About the Author

 photo The Outlandish and the Ego Author O. Ryan Hussain_zpssc1wauw5.jpg
O. Ryan Hussain is the new voice of comedic fiction and satire. The characters featured in his debut novel, The Outlandish and the Ego, are vibrant creations from a true genius. There is currently nobody better at blending truth, comedy and dirty fun.

Contact Links

Purchase Links

RABT Book Tours & PR

25 November 2018

Soul Remains by Sam Hooker

 photo SoulRemains_Ebook_zps8sbocudd.jpg

Humorous Fantasy
Date Published: April 23, 2019

It’s Dark in the Old Country.

Where do goblins come from? Why do they only turn up in the Old Country, and why do they like swearing so much? In the second book of Terribly Serious Darkness, Sloot Peril—a “hero” who’s staunchly averse to heroics—goes looking for answers. Much to his chagrin, he finds them.

Everything changed after the Fall of Salzstadt, but try telling that to the people of the city, whose capacity for denial is unmatched. They have yet to acknowledge that Vlad the Invader cut a bloody swath through their city, that the dead are walking the streets, or that the Domnitor—long may he reign—has fled to wherever despots go on very long vacations while goblin infestations take care of themselves.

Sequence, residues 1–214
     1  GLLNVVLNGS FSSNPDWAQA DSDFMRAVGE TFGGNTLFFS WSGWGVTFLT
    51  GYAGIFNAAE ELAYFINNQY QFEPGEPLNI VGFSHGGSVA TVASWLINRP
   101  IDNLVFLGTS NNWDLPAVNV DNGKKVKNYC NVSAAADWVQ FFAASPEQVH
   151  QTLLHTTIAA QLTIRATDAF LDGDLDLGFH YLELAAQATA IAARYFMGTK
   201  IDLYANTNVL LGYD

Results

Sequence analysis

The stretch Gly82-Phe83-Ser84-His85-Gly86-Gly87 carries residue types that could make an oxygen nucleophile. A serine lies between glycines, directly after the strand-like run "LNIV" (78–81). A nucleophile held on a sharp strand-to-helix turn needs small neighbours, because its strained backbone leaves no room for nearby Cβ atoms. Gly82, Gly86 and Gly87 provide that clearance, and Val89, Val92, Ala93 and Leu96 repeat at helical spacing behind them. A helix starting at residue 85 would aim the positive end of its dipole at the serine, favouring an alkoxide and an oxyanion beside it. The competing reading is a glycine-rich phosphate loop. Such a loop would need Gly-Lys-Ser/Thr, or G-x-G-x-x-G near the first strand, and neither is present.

The worst of villains holds all of the power, unspeakable dark forces are on the rise, and everyone wants to kidnap the Domnitor—long may he reign—for their own nefarious ends. If all of that weren’t bad enough, Sloot’s got the fate of his own soul to worry about.

Can his girlfriend help him save the Old Country from annihilation? Is Myrtle really his girlfriend? If all goes well for Sloot—which it never does—he might just sort it all out before the Dark swallows them all up.

About the Author

 photo author-photo-sam-hooker_zpsg6opc75h.jpg
Sam Hooker writes darkly humorous fantasy. He is an entirely serious person, regardless of what you may have heard. Originally from Texas, he now resides in southern California with his wife, son, and dog.

Contact Links

Purchase Link

RABT Book Tours & PR

24 November 2018

Fraud at Snowfields by Daniel Klock

 photo Fraud at Snowfields_zps6tv5iiin.jpg
Children's/Middle Grade Fantasy
Published: September 2013

 photo add-to-goodreads-button_zpsc7b3c634.png